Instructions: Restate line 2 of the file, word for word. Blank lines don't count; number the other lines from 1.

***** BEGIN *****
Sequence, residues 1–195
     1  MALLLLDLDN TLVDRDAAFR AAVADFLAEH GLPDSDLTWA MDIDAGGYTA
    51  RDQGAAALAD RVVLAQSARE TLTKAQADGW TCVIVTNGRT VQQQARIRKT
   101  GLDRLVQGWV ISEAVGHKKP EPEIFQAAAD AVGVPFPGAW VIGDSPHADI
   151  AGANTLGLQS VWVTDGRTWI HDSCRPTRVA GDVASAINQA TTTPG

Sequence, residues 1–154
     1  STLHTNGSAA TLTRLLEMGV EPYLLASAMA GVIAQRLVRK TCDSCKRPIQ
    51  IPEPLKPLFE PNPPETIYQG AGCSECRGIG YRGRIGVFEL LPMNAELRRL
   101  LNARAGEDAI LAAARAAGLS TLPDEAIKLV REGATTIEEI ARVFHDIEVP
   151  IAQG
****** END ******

     1  MALLLLDLDN TLVDRDAAFR AAVADFLAEH GLPDSDLTWA MDIDAGGYTA